Braise up

I’ve been taking advantage of my brief unemployment to do all of the things I never do when I’m working – going grocery shopping in the middle of the day, spending 5 hours waiting to have my picture taken at the DMV, actually using the daytime minutes on my cell phone, and cooking pounds and pounds of beans to stock the freezer. On Monday, I’ll return to my regularly scheduled programming, and I’m fairly sure that none of these things will be possible. Unless I have a hot plate in my new office.

We were out running errands the other day and stopped to eat lunch at a place that offered braised white beans as a side dish. I was all over that, until the waitress brought it out and warned me that there was chicken stock in it, and I had to part with it for some (delicious) roasted veg. But I literally couldn’t stop thinking about braised beans, so I ended up making my own.

braised white beans with kale + baked sweet potato

That picture is seriously terrible. But the meal was great. Especially after a fun-filled day at the DMV.

I did this as kind of a dry run for tonight’s lucky New Year’s main dish – braised black-eyed peas and collards.

prosperity in a bowl

Braised Beans and Greens (serves 4)

You need

  • Olive oil
  • Several cloves of garlic, minced
  • 2-3 cups of cooked beans (adjust based on your hunger level)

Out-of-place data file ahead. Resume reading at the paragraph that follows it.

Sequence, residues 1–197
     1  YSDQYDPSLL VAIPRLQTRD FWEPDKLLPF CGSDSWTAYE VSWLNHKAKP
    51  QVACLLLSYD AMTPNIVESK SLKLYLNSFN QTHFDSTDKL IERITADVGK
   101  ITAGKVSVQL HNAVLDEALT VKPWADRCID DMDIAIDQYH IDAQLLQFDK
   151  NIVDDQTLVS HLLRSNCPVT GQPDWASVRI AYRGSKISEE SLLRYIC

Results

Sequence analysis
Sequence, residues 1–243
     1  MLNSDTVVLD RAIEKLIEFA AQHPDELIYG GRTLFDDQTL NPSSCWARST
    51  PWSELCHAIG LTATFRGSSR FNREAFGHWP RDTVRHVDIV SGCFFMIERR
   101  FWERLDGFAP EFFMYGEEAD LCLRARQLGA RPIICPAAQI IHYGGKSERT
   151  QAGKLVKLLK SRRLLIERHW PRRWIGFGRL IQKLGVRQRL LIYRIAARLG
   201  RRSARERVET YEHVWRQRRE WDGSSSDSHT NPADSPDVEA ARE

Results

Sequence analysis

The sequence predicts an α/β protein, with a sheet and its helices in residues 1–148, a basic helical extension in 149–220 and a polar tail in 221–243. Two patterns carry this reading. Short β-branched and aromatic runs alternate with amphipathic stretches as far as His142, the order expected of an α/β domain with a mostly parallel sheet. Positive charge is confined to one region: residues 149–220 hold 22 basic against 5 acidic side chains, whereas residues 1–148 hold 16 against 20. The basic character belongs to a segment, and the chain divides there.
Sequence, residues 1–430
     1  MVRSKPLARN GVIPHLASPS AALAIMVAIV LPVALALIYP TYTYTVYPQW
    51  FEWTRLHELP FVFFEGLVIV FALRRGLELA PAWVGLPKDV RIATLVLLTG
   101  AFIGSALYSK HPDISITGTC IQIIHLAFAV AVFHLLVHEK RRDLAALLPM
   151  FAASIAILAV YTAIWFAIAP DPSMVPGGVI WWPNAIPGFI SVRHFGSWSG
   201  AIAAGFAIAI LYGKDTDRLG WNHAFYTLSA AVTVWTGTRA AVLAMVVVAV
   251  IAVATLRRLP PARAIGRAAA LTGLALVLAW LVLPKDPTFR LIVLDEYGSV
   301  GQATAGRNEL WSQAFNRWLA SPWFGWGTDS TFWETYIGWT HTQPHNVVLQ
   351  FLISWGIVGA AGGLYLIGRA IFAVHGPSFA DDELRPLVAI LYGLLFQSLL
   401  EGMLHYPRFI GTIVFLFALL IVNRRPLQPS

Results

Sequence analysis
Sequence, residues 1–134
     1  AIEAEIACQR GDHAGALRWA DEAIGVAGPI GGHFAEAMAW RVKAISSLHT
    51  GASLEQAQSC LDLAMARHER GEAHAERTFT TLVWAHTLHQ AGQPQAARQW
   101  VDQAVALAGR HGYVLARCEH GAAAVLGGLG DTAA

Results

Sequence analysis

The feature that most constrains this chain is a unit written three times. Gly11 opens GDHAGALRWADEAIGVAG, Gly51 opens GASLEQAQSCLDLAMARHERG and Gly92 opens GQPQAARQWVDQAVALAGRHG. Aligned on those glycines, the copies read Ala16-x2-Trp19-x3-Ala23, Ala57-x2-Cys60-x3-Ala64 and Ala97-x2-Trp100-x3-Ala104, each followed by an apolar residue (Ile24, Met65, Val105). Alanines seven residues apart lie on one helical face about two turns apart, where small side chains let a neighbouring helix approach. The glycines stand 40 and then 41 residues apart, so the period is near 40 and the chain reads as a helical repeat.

• salt, pepper, crushed red pepper
  • 1/3-1/2 cup of liquid (water, vegetable broth, or a combo)
  • 1 lb greens

To do:

  1. Heat olive oil and garlic over medium heat in a large skillet (with a lid)
  2. When the garlic is fragrant and beginning to brown, add beans and liquid (for tonight’s meal I used a little leftover Prosecco from our NYE toast in addition to vegetable broth) and bring to a boil
  3. Add greens*, salt, pepper, crushed red pepper and give it all a good stir
  4. Cover and reduce heat to low for 10-15 minutes
  5. Uncover, increase heat (add a bit more liquid if needed), and cook over medium for 5 or so minutes

*If you’re using more delicate greens, wait until you uncover the pan to add them. I did this with the kale, and it was tender but still bright green and presumably all anti-oxidanty. Collards are a bit tougher and need to cook longer, so I put them in right after the beans.

After a few weeks of fairly erratic meals, it’s nice to get back into the habit of cooking meals I feel good about. Not that all those pizzas weren’t delicious, cookies for breakfast can be quite lovely, really. But sometimes it’s good to reset the system.

Happy new year!

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